The long-awaited Exped SynMat Winterlite insulated sleeping pad is a very lightweight, high R-value sleeping pad (R-Value = 4.9) that is warm enough for camping on snow, in addition to three season use. See Sleeping Pad R-Values.
Mummy-shaped, the SynMat Winterlite is filled with a synthetic microfiber insulation which is bonded to the top and bottom interior of the pad, with baffled chambers, running lengthwise, that trap warm air heated by your body in between. In fact, I can feel warmth radiating from the sleeping pad into my back when I sleep on it. The outer fabric has a very soft hand that’s very warm and comfortable, and not at all crinkly sounding when you move around.
The SynMat Winterlite is available in three sizes, including one very lightweight model which is a seven-tenths of an ounce lighter than its chief rival, the 15 ounce Therm-a-Rest XTherm insulated sleeping pad.
- Size ‘M’, weighing 14.3 ounces that is 71″ x 20″ at the chest
- Size ‘M Wide’, weighing 18.3 ounces that is 71″ x 25.5″ at the chest
- Size ‘L Wide’, weighing 20.3 ounces that is 77.6″ x 25.6″ at the chest
Mummy-shaped, the width measurements listed above are given for the chest width only, although the pads also taper towards the legs. On the ‘M Wide’ size, that I’ve been sleeping on since last autumn, the width at mid-thigh is 18″ (while the chest width is 25.5″, as listed above).
Despite weighing a few extra ounces, having a 25″ wide pad in winter is much more comfortable than a narrower pad and worth the added weight, especially when my giant winter sleeping bag is full of hot water bottles and boot liners, to keep them freezing at night!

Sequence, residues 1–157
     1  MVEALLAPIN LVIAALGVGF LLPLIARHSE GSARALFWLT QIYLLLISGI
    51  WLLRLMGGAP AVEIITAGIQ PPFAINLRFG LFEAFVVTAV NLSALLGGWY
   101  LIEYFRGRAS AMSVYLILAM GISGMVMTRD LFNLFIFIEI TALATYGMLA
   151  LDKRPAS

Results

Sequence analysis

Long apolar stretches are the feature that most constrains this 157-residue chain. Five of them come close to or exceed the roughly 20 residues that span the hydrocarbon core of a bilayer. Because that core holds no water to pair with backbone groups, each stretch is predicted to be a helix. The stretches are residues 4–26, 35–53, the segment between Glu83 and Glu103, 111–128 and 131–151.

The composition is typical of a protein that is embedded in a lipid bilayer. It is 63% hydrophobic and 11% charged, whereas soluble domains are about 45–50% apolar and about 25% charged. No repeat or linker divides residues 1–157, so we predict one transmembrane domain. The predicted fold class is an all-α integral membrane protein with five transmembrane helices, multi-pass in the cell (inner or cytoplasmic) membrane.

The SynMat Winterlite, like all of Exped’s other sleeping pads and inflatable pillows has a flat valve without any mechanical parts because most sleeping pad failures occur when the valve breaks, freezes in place, or detaches from the main body of the sleeping pad. Tubular, twist-open style valves that stick out from the body of a sleeping pad are particularly prone to this kind of gear failure.
To inflate, lift the outer valve cover exposing the air valve. There’s a piece of green plastic inside the valve which closes the hole and prevents air inside the pad from escaping.
Find the small plastic wand attached to the valve cover on a string, and push it against the side of the green flap, propping it open so you can blow more air inside it. Deflation is similar: you prop open the green flap with the plastic want and compress the pad to force air out through the valve.
When fully inflated, remove the plastic wand and close the opening with the valve cover.
Once deflated the Exped SynMat Winterlite rolls up slightly larger than a Nalgene bottle, but 1/3 of the size of Exped’s old DownMat 7 sleeping pad which used to be state of the art six years ago. The difference in size and weight is pretty incredible
If you use the stuff sack provided with the SynMat Winterlite, it’s best to deflate the pad and fold it up into thirds, length-wise, before rolling it up, so it will fit into the stuff sack.
The Exped SynMat Winterlite sleeping pad is a very comfortable and warm insulated sleeping pad with a high R-value, suitable for winter camping. Mummy shaped, it is available in narrow and wider widths depending on your comfort preferences, including a long 77″ version for taller individuals. With a non-mechanical inflation valve, the Synmat Winterlite is not susceptible to the inflation valve failures that are common on tube-like inflation values, and is immune to freezing, which can sometimes occur on stick shaped valves you blow into, a serious consideration for winter use. While deflation requires a little practice, the SynMat Winterlite folds up into a compact package for winter travel when pack space is at a premium. The Exped SynMat Winterlite is a very nice inflatable sleeping pad, that is suitable for four season use, and should be on your short list if you are looking to upgrade your sleeping pad.
Size tested: M Wide
Weight: 18.3 oz (18.9 oz tested)
Thickness: 2.5 in
Packed dimension: 4.5″ x 10″
Disclosure: Exped provided Philip Werner (SectionHiker.com) with a sample SynMat Winterlite sleeping pad for this review. This post contains affiliate links.
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